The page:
India Panel Agrees on Rates, Sets Stage for Landmark Tax

  • Standard rate comprising most items fixed at 12% and 18%
  • Tobacco taxed at 65%, luxury goods to attract higher rate

A panel comprising Finance Minister Arun Jaitley and his state peers agreed on key rates for a national sales tax, setting the stage for the roll out of one of India’s biggest economic reforms in decades.

The Goods and Services Tax Council recommended standard rates of 12 percent and 18 percent, at which most goods will be taxed, Jaitley said in a briefing in New Delhi on Thursday.

Jaitley said the panel decided two more tax slabs of 5 percent and 28 percent and confirmed food grains would be exempt. Tobacco products will be taxed at 65 percent, he said, adding luxury goods will also be taxed at a higher rate.

The government will need an additional 500 billion rupees to compensate states for loss of revenue once the new tax structure is in place. Officials will decide the details of goods that will be placed in each tax slab, Jaitley said, noting the decision on gold will be deferred until the government assesses the GST’s impact on revenue.

"There will be a zero tax rate in which several items which approximately constitutes 50 percent of CPI basket will be included and it was decided food grains used by common people will be included," Jaitley said at press conference. "It is zero rate because its impact in terms of the inflationary pressure on common people is the least."

India plans to stick to an April 2017 roll out, with GST legislation to be presented to the parliament during the upcoming winter session, revenue secretary Hasmukh Adhia said.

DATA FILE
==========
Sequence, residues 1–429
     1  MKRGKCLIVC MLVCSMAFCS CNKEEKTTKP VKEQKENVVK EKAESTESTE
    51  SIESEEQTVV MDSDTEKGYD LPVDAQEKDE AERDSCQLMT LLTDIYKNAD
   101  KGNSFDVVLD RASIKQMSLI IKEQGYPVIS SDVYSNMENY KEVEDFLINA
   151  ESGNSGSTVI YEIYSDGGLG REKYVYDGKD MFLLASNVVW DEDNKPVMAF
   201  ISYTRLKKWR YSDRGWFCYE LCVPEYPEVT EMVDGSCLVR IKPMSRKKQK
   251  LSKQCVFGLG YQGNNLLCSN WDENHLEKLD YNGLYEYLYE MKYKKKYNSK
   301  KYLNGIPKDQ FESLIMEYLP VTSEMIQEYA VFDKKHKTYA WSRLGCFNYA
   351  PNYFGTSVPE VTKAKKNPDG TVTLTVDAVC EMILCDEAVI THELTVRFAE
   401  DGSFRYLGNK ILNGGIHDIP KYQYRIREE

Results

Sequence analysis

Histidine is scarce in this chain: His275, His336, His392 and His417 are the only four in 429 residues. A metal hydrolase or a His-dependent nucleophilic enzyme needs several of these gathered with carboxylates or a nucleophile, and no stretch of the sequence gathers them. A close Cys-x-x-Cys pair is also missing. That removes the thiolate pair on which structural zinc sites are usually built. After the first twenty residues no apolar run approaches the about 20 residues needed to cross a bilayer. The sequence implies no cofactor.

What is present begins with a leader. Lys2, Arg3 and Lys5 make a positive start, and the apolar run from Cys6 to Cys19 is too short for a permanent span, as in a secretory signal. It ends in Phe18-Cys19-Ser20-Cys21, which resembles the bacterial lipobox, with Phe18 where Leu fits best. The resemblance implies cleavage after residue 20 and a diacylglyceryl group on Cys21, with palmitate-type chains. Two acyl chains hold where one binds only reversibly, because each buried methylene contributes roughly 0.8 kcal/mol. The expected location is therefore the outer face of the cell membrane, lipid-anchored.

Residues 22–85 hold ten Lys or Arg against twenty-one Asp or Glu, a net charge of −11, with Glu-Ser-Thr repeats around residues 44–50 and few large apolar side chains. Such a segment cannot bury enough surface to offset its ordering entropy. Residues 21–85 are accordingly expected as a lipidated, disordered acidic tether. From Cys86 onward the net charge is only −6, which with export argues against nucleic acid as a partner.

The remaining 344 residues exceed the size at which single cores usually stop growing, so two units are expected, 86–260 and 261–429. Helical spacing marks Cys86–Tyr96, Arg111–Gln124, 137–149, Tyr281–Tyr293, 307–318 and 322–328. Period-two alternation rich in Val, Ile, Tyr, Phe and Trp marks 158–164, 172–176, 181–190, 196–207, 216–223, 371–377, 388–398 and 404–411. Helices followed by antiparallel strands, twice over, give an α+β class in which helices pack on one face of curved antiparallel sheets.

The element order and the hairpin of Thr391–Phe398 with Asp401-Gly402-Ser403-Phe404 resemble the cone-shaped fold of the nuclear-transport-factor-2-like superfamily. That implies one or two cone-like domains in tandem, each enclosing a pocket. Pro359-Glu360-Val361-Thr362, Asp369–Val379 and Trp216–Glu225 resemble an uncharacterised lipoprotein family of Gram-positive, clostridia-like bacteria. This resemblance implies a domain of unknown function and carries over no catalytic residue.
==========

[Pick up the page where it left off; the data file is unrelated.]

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"The markets should have no reason to be disappointed," Deven Choskey, managing director at Mumbai-based K.R. Choksey Shares & Securities, said by phone. "More than half the items that influence CPI will be taxed at the lowest rate, that way inflation will stay under control."

Higher tobacco and liquor taxes will not greatly concern the markets, because demand is inelastic and not too sensitive to price, said Aneesh Srivastava, who manages $700 million as chief investment officer at IDBI Federal Life Insurance Co. in Mumbai. "So the companies won’t face much fundamental impact of this, only short term sentimental impact."

The tax will subsume a web of levies, creating a single market of 1.3 billion people, or twice the population of North America. While Prime Minister Narendra Modi has opened India to more foreign investment since taking power in 2014, the nation’s confusing tax regime is often seen as a deterrent. 

India rose just one spot to 130 in the World Bank’s latest Doing Business ranking, far from Modi’s targeted break into the top 50 by 2018. On a newly created "post-filing" indicator -- which measures parameters such how easy it is to get tax refunds -- the only countries worse than India were Somalia, Afghanistan, Timor-Leste and Turkey.

While the levy’s ultimate impact will depend on how smoothly it is rolled out, Jaitley has said it can boost gross domestic product by as much as two percentage points. Policy makers see little or no impact on inflation from an 18 percent standard rate, consistent with a revenue-neutral rate of about 15 percent.

— With assistance by Rajhkumar K Shaaw, and Abhijit Roy Chowdhury

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